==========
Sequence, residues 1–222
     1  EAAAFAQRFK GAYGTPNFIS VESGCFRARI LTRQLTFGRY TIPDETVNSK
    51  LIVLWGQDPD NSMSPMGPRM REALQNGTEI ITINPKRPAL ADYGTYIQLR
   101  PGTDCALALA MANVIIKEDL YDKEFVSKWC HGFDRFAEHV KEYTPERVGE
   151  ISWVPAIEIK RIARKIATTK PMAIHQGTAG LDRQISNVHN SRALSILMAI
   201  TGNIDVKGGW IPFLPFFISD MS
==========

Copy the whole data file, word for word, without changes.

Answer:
Sequence, residues 1–222
     1  EAAAFAQRFK GAYGTPNFIS VESGCFRARI LTRQLTFGRY TIPDETVNSK
    51  LIVLWGQDPD NSMSPMGPRM REALQNGTEI ITINPKRPAL ADYGTYIQLR
   101  PGTDCALALA MANVIIKEDL YDKEFVSKWC HGFDRFAEHV KEYTPERVGE
   151  ISWVPAIEIK RIARKIATTK PMAIHQGTAG LDRQISNVHN SRALSILMAI
   201  TGNIDVKGGW IPFLPFFISD MS